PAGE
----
In the food and beverage industry, brand equity is imperative to an organization’s success. A recall is one of the most devastating things that can happen to any organization within this industry. Added to the cost to consumers and the U.S. Food and Drug Administration (FDA), there are regulatory issues and negative customer reactions to address, as well as the possible effect on market share to consider.
Regulatory Affairs Journal, Devices, November 2009
The Food and Drug Administration is taking steps toward mandatory electronic medical device reporting. In this article, we will examine how to best prepare for mandatory implementation and the quality management solutions that are able to assist in the process.
MPO, September 2009
A quality management system (QMS) picks up where PLM leaves off by comprehensively automating the change management process with the flexibility, collaboration, security, and compliance management necessary to compete effectively.
MPO, June 2009
Using change management processes within an enterprise quality management system, quality becomes the foundation of every product or process throughout the product lifecycle.
MPO, March 2009
In the medical device field, where lifecycles are short and competition is fierce, a change management system that starts at the beginning of the product lifecycle and incorporates quality into each step of the change process is the key to success. Using a quality management system (QMS) to automate the change management process makes this possible.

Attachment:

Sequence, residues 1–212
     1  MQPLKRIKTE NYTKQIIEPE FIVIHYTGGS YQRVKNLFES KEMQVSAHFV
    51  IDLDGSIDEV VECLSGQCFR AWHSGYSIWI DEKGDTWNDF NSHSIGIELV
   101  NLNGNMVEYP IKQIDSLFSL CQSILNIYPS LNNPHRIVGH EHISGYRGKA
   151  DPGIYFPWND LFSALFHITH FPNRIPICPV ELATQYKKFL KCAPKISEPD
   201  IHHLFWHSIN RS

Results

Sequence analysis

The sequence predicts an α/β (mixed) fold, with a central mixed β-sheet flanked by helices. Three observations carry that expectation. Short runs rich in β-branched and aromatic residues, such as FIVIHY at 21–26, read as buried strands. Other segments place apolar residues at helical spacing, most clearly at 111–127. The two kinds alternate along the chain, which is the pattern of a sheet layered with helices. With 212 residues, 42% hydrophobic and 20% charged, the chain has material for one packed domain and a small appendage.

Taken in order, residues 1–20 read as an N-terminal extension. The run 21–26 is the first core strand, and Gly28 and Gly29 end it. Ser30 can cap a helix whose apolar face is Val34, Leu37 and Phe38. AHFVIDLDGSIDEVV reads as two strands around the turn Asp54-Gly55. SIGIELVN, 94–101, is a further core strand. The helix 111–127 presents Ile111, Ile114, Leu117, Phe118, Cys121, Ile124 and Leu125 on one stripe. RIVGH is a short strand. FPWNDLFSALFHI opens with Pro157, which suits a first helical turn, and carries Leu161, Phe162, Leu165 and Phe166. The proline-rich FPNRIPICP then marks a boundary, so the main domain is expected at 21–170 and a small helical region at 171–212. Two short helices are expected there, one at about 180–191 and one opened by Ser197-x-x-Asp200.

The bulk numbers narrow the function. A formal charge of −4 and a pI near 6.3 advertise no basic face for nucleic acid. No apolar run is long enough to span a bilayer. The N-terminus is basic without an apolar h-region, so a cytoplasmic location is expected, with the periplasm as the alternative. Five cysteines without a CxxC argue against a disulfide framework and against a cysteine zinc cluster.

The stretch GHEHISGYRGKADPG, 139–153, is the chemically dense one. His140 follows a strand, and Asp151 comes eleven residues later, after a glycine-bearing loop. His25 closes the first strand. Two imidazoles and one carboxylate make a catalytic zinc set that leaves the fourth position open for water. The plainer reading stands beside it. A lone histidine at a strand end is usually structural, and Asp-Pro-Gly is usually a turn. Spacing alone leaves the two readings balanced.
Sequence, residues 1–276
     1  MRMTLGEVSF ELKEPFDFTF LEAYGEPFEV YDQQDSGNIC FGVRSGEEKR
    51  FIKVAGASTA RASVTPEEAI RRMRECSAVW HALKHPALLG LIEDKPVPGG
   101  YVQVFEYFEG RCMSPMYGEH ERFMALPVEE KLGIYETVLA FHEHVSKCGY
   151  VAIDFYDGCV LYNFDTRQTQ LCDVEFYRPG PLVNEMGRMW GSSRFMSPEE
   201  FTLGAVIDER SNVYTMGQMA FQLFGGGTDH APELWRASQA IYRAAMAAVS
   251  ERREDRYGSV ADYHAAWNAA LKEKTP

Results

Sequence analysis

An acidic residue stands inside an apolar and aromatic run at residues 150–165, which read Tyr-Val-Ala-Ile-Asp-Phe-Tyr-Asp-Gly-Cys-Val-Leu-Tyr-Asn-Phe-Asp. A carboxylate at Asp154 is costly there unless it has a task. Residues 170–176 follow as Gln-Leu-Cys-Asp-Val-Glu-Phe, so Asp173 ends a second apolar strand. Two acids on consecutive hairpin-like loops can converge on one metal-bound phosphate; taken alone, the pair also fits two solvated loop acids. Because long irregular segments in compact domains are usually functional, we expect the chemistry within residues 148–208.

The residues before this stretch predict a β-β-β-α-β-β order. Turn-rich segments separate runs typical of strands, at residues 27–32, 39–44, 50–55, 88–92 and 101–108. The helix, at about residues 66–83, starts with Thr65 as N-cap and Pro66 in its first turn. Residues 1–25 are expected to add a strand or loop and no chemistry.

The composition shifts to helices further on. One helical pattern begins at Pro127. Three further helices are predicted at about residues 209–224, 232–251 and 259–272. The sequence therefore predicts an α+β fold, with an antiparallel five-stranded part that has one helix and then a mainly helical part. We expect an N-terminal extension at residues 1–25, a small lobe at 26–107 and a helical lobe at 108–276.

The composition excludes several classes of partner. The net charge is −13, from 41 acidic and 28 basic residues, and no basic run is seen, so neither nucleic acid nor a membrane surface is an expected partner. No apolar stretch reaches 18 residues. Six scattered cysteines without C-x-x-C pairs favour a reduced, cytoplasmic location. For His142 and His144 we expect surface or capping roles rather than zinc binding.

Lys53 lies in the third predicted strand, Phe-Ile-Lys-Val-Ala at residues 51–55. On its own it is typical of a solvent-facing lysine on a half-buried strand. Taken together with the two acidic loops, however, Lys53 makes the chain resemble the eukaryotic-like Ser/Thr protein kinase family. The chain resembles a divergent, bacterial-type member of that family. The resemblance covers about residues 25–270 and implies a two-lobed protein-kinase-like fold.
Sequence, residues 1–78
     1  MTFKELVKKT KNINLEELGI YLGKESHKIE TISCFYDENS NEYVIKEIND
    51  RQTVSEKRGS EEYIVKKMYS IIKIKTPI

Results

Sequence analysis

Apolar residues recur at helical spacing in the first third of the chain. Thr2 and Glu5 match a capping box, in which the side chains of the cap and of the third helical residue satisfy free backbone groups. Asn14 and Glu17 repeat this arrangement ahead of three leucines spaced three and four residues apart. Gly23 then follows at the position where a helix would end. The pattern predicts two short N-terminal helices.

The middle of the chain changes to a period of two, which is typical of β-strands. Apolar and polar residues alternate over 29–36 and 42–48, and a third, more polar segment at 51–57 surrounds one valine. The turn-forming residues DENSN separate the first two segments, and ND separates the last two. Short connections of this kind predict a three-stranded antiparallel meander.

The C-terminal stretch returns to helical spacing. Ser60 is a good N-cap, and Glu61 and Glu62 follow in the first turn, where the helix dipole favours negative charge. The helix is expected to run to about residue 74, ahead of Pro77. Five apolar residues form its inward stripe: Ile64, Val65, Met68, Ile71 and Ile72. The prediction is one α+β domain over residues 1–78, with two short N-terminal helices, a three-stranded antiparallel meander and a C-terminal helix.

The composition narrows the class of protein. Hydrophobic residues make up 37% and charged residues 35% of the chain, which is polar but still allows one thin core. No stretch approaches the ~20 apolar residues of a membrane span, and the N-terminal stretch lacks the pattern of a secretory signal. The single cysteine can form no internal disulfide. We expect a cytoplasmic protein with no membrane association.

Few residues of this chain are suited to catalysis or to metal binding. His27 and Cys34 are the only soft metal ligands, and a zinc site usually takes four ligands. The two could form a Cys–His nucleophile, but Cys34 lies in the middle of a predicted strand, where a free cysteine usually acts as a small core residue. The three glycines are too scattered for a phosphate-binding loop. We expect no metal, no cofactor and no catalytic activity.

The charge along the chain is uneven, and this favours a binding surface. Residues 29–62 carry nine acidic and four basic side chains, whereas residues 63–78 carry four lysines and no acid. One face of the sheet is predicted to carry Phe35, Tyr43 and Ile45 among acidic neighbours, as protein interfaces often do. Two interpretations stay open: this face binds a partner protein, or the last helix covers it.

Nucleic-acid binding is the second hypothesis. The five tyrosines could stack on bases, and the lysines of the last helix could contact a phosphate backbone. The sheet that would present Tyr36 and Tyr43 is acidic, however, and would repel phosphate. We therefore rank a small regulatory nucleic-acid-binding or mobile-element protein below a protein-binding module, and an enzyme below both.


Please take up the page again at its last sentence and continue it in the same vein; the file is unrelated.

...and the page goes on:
MPO, January/February 2009
This is the first installment in a four-part series that will uncover the various phases in companies' change management lifecycles and how a quality management system (QMS) can effectively streamline the elements of change.
MPO, April 2008
Faster, more accurate FDA submissions, tighter quality controls, better productivity and bottom line results - all are just a click away with today's software innovations.
MPO, July 2007
By using concepts such as immediate correction, investigation and risk assessment, your business will be able to focus your quality system on the essential events that have the most impact on your business.
MPO, September 2005
By selecting software tools with the flexibility to meet the myriad requirements in the ever-changing world of quality standards, your company will be well along the path to achieving the next milestone of your quality journey.
MPO, January 2005
As software technology evolves, one mantra remains clear - users work best with familiar tools. The challenge for software vendors is to integrate the evolving technology into tools that users are comfortable with.
MPO, May 2004
In the race to improve better quality products that reach the market before competitors, medical device companies and their contract manufacturers are adding a new weapon to their arsenal of strategies: software.
PFQ, May 2004
The new breed of document control software, in addition to having document control functions, can streamline and simplify corrective and preventive action, change control, audits & surveys, and other processes.